Twenty five minutes and 43 seconds into the first episode and, poof, there she is.
Alabama native Erika Coleman has a small but cool role in “Loki,” the buzzed-about new Marvel series streaming on Disney+ about the Avengers archvillain, God of Mischief and brother of Thor.
New episodes of “Loki” arrive Wednesdays. The show stars Tom Hiddleston, who brings his delightfully snooty elan to the titular role, a character he’s portrayed in seven Marvel Cinematic Universe films. Owen Wilson brings his own trademark “aw, shucks” charm to the role of Time Variance Authority agent Mobius M. Mobius. Like most Marvel productions, “Loki” looks awesome and is a fun watch.
The debut season of “Loki” is comprised of six episodes. If you haven’t yet seen episode one, which dropped June 9, mild spoiler here: Coleman appears in a flashback scene as Florence Schaffner, the real-life flight attendant who attends to mysterious - and, to-date, never found - airplane hijacker D.B. Cooper, who was actually … Loki? Just watch the show. Coleman also appears very briefly in the series trailer.
Coleman’s other recent acting credits include Netflix sci-fi sensation “Stranger Things,” Apple’s “Amazing Stories” reboot and $800,000,000 box-office comedy-adventure blockbuster “Jumanji: The Next Level.” Born in Los Angeles, her father’s family is from Alabama and she grew up in places here like Elkmont and Madison. She graduated from Decatur’s Austin High School.
Recently, I connected with Coleman for a phone interview. She called in from the Atlanta home she shares with husband Mike Whaley, an actor who’s appeared in TV shows like “Atlanta” and “Homeland” as well as more than 300 commercials, and their young daughter August and recently born son Hendrix.
Erika, can you walk us through how you got the “Loki” gig?
Yeah, sure! That’s what we would call a day-player role, when you only have like one scene and you start and finish in one day. It pretty much just went through my agent. We got an audition probably a couple months before filming. And when the audition came through, it was exactly how it was in the scene. And for that role, particularly, I had no idea what I was actually stepping into. Sometimes they don’t release that information to us of what you’re actually on set for.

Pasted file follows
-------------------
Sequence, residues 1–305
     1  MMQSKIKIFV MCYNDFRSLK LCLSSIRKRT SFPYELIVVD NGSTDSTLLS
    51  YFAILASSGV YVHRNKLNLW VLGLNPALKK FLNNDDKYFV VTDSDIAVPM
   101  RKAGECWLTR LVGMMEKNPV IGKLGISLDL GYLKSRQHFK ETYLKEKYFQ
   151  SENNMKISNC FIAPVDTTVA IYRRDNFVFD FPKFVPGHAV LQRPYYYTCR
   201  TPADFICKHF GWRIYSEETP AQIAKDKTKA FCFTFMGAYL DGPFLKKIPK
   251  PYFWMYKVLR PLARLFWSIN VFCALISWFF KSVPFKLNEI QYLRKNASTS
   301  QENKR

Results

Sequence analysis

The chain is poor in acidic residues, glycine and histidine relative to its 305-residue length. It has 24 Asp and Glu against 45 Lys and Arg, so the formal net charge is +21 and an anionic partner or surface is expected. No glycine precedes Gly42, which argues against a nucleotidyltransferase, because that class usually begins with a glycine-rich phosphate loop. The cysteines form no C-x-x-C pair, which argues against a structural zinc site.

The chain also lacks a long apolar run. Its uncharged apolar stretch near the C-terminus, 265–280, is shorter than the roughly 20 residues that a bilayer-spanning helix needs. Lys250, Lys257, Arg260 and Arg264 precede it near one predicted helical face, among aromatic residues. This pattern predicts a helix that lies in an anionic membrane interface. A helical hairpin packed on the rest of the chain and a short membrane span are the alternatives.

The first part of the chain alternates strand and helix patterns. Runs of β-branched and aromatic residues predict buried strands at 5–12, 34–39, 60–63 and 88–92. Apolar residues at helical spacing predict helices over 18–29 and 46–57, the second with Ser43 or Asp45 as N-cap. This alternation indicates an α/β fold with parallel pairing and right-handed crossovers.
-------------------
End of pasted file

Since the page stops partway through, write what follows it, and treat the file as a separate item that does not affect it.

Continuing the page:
Wait, you didn’t know it was for “Loki”?
I had no idea. I don’t even remember what they said it was for. Same thing with “Stranger Things,” and I also had no idea I was auditioning for “Jumanji” when I booked that role. They keep things very, very quiet.
So basically, I just turned in my audition tape to my agent, and then probably maybe about a week later, they offered me the role. And I was like, “Cool, sounds great!” Then went through a bunch of fittings and still had no idea what I was being fitted for. I had no idea I was filming for Marvel until I walked in the makeup trailer and saw Tom.
You interact with Tom Hiddleston a couple times in that “Loki” scene. What was he like to work with and be around on-set?
Tom is a complete gentleman. He was great to work with and just amazing to work with. And for me to be coming into work with such experienced people, they completely respected my craft as well and asked, you know, like, how should the scene kind of go. And Tom gave his input of how we should start, rehearsal and everything like that. We had a good couple of laughs. He shared some really fun experiences with me that were just really great like small talk. But other than that, we were very professional onset.
And it was just a joy to be just a part of the whole experience. It was filmed in a huge studio, Pinewood Studios in Atlanta. And they had this humongous … It was about half of an aircraft that I’m not sure exactly if it was built on set, but it looked like somebody just kind of cut open an aircraft and put it in the studio. And that’s where we filmed. But it was like a real plane.
Kate Herron is the director for “Loki.” What did you take away from working with her?
I not only want and hope to work with her again, but she completely inspired me that, wow, this might be something I would like to do one day. Just watching her in her craft of what she does, and how she’s so easy to work with it, she just completely inspired me as a director.
How was the fitting process for having a costume custom made for you, on such a high-budget Disney+ and Marvel project?
I had about four or five fitting for that stewardess outfit. And bummer I didn’t get to keep it. [Laughs] But when you go through the fitting process of custom-made wardrobe, it really puts in perspective, “Wow, it takes a lot of time to build and delicately craft each part.”
For example, the producers and the team that designs everything, they went back and forth for a while on how tall the neckline should be. And then once I put it on, they were going back, “Oh, it should be this much shorter, this much longer.” Just simple things like that. Where the pockets should be. How many buttons should be going across or down. I’ll never forget, in the makeup and hair trailer when we were getting ready, they were going to paint my fingernails and they went through probably a good half a dozen fingernail polishes to get the right red to match the clothes.